In December of 2008 Brian Hartenstein and family left America for an adventurous life overseas to live and work throughout Asia, raising three daughters with a sense of wonder and awe at the possibility of the world. It is now 2016 and the adventure continues back home in Oregon. This blog remains as a time capsule to that period. Thank you so much to all our friends around the world. Please stay in touch. We miss you all!
Friday, November 6, 2015
Growing Up in the Age of Masterpiece Theater
My kids are born multitaskers. They can watch a Japanese anime, read the subtitles, check their email, send a text, sketch in their journals, pose for a selfie, and converse in a third language all at the same time. It boggles my mind. I find myself telling them, "Do one thing. Focus on one thing at a time. The world is about seeing the invisible." But... who does that anymore?
When I was a boy I grew up in total isolation on a farm in Oregon. I would watch an episode of Blackadder or Dr. Who or catch Stupid Human Tricks on Letterman and come to school the next day and nobody knew what I was talking about. It was so difficult to find one person to relate to. Nowadays children grow up surrounded by so much love and support. They make brave and intellectual choices that are often public or viral... they 'come out' to an almost mandatory applause. It makes me long for the days of quiet and focused youthful introspection.
It's not their fault, really. It's this age we live in. This truly amazing age of back-logged information. It wasn't too long ago that we actually had to wait for things.... I suppose we still do. The world is awaiting Star Wars episode 7... but I waited my whole life for the first six movies to appear in theaters, but yet my daughters binge-watched all six in one day. They have access to things we didn't dream of a generation ago. Maybe patience is a different virtue now... because of the time spent in-between the times that matter. The invisible meantime... is now the age of access.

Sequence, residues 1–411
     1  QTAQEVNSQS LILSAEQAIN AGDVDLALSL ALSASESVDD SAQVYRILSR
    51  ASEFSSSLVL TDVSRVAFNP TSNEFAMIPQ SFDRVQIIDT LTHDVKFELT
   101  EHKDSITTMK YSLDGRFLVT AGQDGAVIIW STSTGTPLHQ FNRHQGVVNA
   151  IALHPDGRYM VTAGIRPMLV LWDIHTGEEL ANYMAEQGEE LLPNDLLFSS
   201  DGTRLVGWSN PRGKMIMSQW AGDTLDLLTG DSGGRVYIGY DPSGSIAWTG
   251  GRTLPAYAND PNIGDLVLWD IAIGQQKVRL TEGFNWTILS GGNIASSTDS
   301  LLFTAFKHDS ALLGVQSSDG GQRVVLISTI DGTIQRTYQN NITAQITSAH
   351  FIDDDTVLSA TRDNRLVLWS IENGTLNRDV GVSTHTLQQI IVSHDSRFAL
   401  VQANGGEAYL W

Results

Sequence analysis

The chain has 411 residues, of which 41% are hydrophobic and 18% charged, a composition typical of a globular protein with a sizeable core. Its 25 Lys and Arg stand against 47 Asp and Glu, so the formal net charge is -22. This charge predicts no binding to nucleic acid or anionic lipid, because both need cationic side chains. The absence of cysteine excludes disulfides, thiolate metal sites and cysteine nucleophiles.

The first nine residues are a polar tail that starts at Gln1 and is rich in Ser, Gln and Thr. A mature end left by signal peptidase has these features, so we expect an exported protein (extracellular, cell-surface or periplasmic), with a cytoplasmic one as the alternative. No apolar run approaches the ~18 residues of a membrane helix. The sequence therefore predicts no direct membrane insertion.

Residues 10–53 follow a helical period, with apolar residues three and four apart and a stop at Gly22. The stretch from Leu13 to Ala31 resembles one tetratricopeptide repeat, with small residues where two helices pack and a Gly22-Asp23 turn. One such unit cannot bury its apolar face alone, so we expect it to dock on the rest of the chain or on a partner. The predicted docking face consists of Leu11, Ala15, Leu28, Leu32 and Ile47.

My kids teach me this all the time. I'll play... a James Brown record or ... read them a Sylvia Plath poem... and two days later they will come back having listened to and read everything by that artist. It's astounding. They just have that internet access. We were in the car once and a Maroon Five song came on the radio. Before I could change the station to Prairie Home Companion (I am a total snob after all) they had downloaded the catchy tune, and we're asking me who Mick Jagger was. Three days later, they had half-memorized the cannon of Rolling Stone songs.
Do anyone even remember SPIN magazine anymore? Remember reading about a band and maybe getting a fuzzy bootleg recording and waiting weeks for them to show up in your town and scrounging up a ticket? Does anybody do that anymore? There was such an honest pureness to it. Perseverance. A sustained curiosity. I miss it.
That being said... nobody is going back to the days of old. No, we are plunging ahead full speed. But the access of information allows parents an opportunity to present the world to their children in such amazing ways. Gone are the days of sitting through reruns of TV sit-coms or rehashing last weeks' Reality Show shenanigans. No, you can literally give your children a masterpiece a night. Be it art, literature, music, history, film, documentary... you can present a life's work to them in a matter of hours... and they just consume it.
And so I do. I'm careful in my parenting. I find balance. I take my daughters to these places... like the white sands of Puka Beach in the Philippines...where locals ice down Coca-Colas in the running stream and fan themselves with palm leaves and the only distraction is the surf and catching a fish with a spear we're going to grill-up over coals in the shade of a hut. We will sit and close our eyes and focus on the that one invisible thing growing ever smaller and smaller in our feverish world. Then at night, when I tell them, "Let's take the top thirty movies from 1962 and watch one, every day for the month of November." They will be ready. Calm. Eyes open. They'll tell me, "Yeah Dad, go!"